Wednesday, May 17, 2017


The Plant
"The botanical name for columbine is Aquilegia, from the Latin word aquilinum--meaning 'like an eagle'--the flower's spurs look like the talons of an eagle. Columbine is from the Latin word 'columba'--meaning dove or pigeon, and the flowers look like birds in flight. The flower has several descriptive folk names that have been used through the years, including cluckies, rock bells, rock lily, granny’s bonnet, fairies dancing and culverwort."
"Seed is best sown as soon as it is ripe in a cold frame. The seed can be slow to germinate. Stored seed can be sown in late winter in a cold frame. When large enough to handle, prick the seedlings out into individual pots and grow them on in a cold frame for their first winter. Plant out in late spring or early summer. Division in spring."
Folklore and Legend
"Columbine flowers are a symbol of foolishness, because their spur-like petals resemble a court jester’s hat. The spurs look like little shoes with turned-up toes when they fall from the plant, and are called Mary’s shoes. According to the University of Illinois Extension, one legend relates the story of Jesus' mother Mary's visit to her cousin Elizabeth; everywhere she walked during her visit, columbine sprang from the ground. According to the legend, the columbine represents Mary’s innocence."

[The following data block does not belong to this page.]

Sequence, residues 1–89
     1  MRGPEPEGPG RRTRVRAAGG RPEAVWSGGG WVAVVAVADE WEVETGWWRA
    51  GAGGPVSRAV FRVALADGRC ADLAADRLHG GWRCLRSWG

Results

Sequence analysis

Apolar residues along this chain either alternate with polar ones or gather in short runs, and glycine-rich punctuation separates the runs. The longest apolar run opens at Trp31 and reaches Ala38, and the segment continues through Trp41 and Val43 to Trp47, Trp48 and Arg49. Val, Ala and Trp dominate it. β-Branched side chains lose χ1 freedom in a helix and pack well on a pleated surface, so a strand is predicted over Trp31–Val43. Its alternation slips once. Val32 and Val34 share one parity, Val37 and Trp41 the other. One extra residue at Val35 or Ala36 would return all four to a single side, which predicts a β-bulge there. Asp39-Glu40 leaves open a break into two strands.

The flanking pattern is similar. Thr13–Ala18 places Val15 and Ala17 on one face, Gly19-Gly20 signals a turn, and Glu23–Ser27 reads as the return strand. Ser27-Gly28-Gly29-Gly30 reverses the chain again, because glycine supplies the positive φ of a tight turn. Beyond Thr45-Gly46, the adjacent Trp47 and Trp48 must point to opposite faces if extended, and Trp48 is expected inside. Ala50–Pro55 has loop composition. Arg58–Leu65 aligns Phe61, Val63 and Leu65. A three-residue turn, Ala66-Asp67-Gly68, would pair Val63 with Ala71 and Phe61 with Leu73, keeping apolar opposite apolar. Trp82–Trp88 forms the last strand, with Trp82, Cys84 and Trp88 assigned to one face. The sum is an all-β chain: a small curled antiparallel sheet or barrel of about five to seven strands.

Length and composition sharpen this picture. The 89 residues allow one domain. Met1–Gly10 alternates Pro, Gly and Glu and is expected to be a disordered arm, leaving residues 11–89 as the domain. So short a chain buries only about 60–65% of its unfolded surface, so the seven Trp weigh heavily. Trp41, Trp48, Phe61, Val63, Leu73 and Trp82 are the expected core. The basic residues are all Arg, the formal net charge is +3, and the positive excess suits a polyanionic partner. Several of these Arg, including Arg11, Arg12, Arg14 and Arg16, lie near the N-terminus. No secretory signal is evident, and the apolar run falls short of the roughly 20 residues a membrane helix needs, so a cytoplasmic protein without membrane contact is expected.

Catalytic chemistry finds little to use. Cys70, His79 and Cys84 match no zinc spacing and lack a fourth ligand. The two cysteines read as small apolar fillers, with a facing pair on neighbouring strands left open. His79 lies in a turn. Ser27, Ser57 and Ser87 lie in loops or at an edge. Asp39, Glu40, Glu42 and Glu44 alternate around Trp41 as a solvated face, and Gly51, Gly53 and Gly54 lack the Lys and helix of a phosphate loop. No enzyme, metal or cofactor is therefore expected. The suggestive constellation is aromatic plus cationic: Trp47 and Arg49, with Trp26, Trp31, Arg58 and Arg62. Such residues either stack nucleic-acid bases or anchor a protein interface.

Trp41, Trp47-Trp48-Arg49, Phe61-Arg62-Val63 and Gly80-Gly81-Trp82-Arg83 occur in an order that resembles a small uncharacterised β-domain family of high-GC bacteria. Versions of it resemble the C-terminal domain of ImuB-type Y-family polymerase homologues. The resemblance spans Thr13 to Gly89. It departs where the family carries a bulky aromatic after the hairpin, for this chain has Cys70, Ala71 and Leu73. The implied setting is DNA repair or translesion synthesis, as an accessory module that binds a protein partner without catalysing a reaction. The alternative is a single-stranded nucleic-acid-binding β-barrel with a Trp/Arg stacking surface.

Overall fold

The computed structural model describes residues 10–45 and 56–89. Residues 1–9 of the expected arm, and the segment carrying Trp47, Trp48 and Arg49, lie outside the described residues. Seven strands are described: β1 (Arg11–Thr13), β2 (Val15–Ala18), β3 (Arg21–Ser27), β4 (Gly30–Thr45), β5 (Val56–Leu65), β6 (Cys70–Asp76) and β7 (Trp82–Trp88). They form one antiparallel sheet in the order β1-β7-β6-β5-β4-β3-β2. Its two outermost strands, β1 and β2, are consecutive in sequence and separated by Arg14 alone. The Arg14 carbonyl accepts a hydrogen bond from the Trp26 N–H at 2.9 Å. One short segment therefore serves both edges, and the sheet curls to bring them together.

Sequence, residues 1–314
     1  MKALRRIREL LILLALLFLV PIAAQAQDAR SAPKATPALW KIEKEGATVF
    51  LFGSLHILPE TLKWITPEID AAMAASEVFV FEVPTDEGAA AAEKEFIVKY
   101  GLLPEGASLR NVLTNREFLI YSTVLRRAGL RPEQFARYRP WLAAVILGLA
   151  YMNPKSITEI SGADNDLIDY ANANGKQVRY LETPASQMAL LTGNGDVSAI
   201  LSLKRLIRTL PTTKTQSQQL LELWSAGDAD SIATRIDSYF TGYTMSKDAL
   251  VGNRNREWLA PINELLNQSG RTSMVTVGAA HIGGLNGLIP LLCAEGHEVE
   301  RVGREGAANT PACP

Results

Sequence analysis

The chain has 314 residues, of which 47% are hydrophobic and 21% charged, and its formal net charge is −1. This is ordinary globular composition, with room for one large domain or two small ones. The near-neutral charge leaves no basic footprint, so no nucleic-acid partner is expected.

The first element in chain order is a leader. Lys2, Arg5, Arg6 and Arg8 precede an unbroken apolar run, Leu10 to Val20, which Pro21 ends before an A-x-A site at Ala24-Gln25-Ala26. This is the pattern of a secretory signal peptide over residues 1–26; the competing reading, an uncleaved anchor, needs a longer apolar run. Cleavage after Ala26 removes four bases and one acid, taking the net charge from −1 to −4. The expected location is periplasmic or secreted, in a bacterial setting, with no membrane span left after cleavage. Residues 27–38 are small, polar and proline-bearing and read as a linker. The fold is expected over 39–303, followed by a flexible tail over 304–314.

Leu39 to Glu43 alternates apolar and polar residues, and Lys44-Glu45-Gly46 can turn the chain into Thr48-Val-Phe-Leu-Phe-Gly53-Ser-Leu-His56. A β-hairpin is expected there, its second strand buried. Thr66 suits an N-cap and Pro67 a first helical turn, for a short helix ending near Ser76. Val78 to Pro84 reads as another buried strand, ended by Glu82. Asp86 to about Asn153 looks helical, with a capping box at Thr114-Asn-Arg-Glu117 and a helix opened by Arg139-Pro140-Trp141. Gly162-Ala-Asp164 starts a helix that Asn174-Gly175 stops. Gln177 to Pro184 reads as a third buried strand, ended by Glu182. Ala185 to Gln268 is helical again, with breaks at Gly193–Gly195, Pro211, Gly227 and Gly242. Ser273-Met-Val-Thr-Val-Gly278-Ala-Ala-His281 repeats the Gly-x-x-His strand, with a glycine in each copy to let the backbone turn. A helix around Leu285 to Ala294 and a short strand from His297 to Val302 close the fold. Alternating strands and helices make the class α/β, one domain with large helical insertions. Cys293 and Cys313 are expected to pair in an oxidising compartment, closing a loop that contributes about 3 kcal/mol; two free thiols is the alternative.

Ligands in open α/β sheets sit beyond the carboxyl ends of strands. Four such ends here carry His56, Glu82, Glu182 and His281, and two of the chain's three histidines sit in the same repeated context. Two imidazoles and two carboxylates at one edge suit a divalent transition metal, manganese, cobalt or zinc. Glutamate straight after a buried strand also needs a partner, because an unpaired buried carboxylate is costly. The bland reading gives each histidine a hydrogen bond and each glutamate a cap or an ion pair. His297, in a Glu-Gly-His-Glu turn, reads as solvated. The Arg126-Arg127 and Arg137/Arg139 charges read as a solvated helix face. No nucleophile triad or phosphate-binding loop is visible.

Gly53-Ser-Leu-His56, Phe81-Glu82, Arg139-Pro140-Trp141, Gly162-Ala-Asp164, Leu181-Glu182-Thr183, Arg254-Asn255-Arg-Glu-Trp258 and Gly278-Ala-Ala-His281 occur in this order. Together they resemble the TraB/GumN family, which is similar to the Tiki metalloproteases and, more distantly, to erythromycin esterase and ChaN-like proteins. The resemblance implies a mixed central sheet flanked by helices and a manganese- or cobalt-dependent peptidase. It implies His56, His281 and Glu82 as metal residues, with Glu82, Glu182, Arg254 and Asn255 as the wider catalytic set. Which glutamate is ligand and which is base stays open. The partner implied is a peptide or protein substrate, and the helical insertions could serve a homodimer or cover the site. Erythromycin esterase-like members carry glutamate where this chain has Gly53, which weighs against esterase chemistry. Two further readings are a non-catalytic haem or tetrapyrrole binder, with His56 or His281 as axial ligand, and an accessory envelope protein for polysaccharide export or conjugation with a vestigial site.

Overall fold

"Columbine was formerly employed in herbal medicine mainly for its antiscorbutic effect, but it has fallen out of favour and is little used nowadays. The leaves root and seed are astringent, depurative, diaphoretic, diuretic, parasiticide. Because of its toxic properties, this plant should not be taken internally without expert advice, though the root is sometimes used externally in poultices to treat ulcers and the commoner skin diseases. The plant can be harvested at any time from June to October. Columbine has produced very unsatisfactory results and is not normally used medicinally. A homeopathic remedy is made from the plant. It is used in the treatment of affections of the nervous system."

Medicinal Music
Chopin Nocturnes

Sundays 'Honoring' Bouquet
It's loves reflection keeping love alive


1 comment:

Mo Crow said...

a favouite flower!